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Timeline: Funding and Developments at the Office of the Special Advisers
 
August 31, 2007: Secretary-General Ban Ki-moon sends a letter to the Security Council president requesting approval to:
• Upgrade Deng from Assistant Secretary-General to Under-Secretary-General;
• Expand his title to Special Adviser for the Prevention of Genocide and Mass Atrocities (SAPGMA) (the mandate would remain unchanged, however, as attention to mass atrocities – potentially early warning signals of genocide – would be geared toward the prevention of genocide); and 
• Appoint Edward Luck to the position of Special Adviser on the Responsibility to Protect.
 
October 30, 2007: SG issues report on resource requirements for the two positions, which fall under “Special Political Missions.” The report:
• Reports on work of SAPGMA in 2007 as well as the development and function of his early warning role; Outlines expected accomplishments and indicators of achievement for the SAPGMA Office;
• Includes the budget request for Office of the SAPGMA: $1,902,900 (including salaries for 8 posts), and breakdown of request including staffing requirements;
Explains that the upgrade to USG is necessary to emphasize importance of the mandate, and to ensure a high-level liaison role with Member States, regional organizations, etc.;
• Notes that the mandate of SAPGMA is linked closely to the mandate of the Special Adviser on RtoP; and
States that SAR2P will have the sole focus of developing the concept and mandate of the Responsibility to Protect;

November 29, 2007: SG issues additional information on the SAPGMA’s office.
• Proposes staffing allotment for the office in 2008: 1 USG, 1 ASG, 4 P-level, 2 GS (8 posts total)
December 11, 2007: The Security Council replies to Ban’s August letter. The Council:
Acknowledges Luck’s appointment, leading to the public announcement of his appointment; and
• Asks for clarification from Ban on the addition of “Mass Atrocities” to Deng’s title (reportedly China and Russia were opposed to this change).
 
December 2007: The General Assembly’s Advisory Committee on Administrative and Budgetary Questions (ACABQ) begins to discuss funding for the two positions.
• Some States deny that they had endorsed the Responsibility to Protect provision in the World Summit Outcome Document (WSOD). There was disagreement regarding the definition of the norm to which they had committed. This led to questioning the need for a Special Adviser on the norm. Some States proposed that the GA formally discuss how to implement the commitment in the WSOD (paragraph 139) before deciding on the Secretary-General’s proposals.
 
December 14, 2007: The ACABQ sends its recommendations to the GA’s Fifth Committee on budgetary issues. It recommends:
• Leaving the decisions about upgrading Deng’s position to Under-Secretary-General – and adding “Mass Atrocities” to his title – to the General Assembly;
• Leaving the decision about the appointment of an Assistant Secretary-General to serve as the Special Adviser on the Responsibility to Protect to the General Assembly; and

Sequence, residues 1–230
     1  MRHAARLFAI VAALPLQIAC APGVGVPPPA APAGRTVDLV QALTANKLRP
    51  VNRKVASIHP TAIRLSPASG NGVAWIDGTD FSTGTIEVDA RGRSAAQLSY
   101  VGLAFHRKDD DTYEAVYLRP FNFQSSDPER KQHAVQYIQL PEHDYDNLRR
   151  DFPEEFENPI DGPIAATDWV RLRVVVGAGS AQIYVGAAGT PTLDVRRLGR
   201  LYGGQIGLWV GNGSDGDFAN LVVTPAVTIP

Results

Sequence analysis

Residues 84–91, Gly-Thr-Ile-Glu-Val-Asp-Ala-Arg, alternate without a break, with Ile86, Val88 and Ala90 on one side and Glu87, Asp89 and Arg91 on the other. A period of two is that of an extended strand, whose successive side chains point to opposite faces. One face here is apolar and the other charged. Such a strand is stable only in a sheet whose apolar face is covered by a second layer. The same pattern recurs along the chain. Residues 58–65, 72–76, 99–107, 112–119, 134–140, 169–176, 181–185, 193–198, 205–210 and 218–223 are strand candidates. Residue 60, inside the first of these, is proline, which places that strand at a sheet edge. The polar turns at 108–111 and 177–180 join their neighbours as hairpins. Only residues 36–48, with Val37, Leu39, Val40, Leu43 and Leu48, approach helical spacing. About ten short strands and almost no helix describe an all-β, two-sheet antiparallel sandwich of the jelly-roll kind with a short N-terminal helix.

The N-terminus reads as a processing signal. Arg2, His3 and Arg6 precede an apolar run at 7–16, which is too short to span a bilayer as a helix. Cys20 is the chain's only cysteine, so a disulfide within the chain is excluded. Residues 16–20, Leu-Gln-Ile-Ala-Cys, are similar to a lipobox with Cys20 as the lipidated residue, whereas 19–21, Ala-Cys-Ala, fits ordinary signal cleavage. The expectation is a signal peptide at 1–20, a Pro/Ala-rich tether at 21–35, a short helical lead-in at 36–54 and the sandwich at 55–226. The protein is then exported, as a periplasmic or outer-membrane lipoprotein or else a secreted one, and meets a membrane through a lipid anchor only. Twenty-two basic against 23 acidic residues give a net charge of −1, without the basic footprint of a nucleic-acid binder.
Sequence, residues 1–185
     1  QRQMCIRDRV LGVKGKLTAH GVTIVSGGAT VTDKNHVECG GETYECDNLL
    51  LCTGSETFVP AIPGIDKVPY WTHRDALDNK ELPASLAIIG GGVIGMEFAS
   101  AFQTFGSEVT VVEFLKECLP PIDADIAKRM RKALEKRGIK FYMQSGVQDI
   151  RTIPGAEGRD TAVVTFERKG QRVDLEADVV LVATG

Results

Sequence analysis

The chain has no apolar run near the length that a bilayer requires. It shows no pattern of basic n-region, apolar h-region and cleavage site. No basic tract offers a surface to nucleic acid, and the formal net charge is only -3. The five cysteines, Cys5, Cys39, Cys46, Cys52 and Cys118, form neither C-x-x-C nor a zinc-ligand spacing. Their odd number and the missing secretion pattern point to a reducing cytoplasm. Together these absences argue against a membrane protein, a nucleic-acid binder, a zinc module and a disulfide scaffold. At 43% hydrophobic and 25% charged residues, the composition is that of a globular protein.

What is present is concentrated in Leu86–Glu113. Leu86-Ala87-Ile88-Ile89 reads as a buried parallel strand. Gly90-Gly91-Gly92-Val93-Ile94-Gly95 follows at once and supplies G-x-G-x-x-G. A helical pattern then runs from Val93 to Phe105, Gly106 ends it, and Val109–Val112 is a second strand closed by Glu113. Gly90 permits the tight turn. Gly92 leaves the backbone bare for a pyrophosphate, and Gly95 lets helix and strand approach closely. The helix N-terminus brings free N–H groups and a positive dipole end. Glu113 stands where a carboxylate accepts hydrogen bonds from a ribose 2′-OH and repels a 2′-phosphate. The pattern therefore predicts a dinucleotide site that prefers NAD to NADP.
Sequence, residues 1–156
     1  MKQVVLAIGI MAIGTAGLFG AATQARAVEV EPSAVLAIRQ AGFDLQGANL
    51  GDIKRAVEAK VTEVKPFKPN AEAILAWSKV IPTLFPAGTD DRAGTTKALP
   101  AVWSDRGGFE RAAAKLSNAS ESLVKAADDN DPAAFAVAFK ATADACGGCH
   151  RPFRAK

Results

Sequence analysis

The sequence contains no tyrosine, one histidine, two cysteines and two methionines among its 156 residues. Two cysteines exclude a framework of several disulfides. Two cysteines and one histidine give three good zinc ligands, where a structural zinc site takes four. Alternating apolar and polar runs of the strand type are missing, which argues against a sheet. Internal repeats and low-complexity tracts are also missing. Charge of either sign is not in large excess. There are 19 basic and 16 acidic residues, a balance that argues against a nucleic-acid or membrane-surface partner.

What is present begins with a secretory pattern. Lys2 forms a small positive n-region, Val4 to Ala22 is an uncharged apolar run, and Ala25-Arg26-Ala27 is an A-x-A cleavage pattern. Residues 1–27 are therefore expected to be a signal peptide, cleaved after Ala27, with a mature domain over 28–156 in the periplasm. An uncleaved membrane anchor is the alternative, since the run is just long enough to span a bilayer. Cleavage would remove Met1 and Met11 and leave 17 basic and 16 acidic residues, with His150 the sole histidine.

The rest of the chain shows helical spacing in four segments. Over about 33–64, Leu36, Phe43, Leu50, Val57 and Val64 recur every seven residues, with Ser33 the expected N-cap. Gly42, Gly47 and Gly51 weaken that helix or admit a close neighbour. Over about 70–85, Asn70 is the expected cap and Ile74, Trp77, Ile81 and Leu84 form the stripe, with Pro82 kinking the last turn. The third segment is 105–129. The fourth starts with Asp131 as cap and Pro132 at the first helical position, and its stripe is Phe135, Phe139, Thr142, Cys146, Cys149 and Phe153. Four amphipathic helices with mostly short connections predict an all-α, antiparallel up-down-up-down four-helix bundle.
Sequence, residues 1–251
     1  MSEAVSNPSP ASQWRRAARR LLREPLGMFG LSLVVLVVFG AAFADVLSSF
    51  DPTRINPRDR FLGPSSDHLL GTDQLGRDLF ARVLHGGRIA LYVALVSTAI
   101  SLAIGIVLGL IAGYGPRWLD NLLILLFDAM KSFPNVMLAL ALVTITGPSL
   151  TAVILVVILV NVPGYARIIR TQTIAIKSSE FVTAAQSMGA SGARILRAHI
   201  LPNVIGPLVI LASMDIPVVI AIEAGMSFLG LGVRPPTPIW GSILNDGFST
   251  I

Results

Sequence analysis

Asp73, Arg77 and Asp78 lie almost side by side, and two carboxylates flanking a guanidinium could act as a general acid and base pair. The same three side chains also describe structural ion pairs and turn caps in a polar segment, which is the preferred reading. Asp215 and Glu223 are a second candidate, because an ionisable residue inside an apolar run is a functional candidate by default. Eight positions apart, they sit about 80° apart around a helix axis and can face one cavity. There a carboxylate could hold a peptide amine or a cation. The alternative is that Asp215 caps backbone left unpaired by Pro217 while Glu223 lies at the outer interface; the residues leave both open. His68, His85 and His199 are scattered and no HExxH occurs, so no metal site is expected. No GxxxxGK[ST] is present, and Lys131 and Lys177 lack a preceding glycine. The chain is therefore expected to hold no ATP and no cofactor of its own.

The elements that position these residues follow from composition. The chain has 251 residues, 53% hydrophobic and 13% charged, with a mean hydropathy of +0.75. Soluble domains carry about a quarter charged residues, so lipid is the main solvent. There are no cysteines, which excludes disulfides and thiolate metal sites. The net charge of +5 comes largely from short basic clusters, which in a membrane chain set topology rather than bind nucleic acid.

Requesting further explanation of the need for both of these changes.
 
December 24, 2007: In Fifth Committee negotiations, several delegations express opposition to the expansion of Deng’s title to include “Mass Atrocities”, as well as to the creation of the SAR2P (Cuba, Venezuela, Pakistan, China, Egypt, Nicaragua, Iran, India). Other delegations, including Argentina, supported both mandates. (See Press Release GA/AB/3832.)
The Committee negotiates a draft GA budget resolution reflecting a compromise agreement to:
Approve upgrade of Deng’s position to USG [and establish an additional P3 and GS post for the office];
Omit reference to the request to expand Deng’s mandate to include Prevention of Mass Atrocities; and
Omit any mention of Edward Luck’s appointment, a new ASG post, or the role of Special Adviser on RtoP, reportedly due in part to concerns about national sovereignty.
 
The final text reads:
Decides to upgrade the position of the Special Adviser of the Secretary-General on the Prevention of Genocide to the Under-Secretary-General level, and to establish an additional P-3 and an additional General Service (Other level) position in his office (Para V.10).

The draft also:
  Regrets the recurrent late submission of the reports under consideration, which hinders the proper examination of the matter by the General Assembly, and requests the Secretary-General to present future budget proposals for the special political missions not later than the first week of November (Para V.2);
Recalls its resolution 48/259 of 14 July 1994, and requests the Secretary-General to ensure that functions and responsibilities of special envoys, special representatives and other special high-level positions are more clearly defined and streamlined, avoiding any possible duplication, and that the current financial regulations and budgetary procedures are fully complied with (Para V.6);
 
February 21, 2008: Secretary-General appoints Edward Luck as Special Adviser with a focus on the responsibility to protect populations from genocide, ethnic cleansing, war crimes and crimes against humanities.
 
December 2010: the Fifth Committee of the General Assembly voted to regularize three existing positions and fund three additional posts in the Office of the Special Advisor for the Prevention of Genocide (OSAPG). One of these positions will reportedly be focused on assisting with an emergency convening mechanism (as described in the SG’s report on Early Warning, Assessment and the Responsibility to Protect).

 

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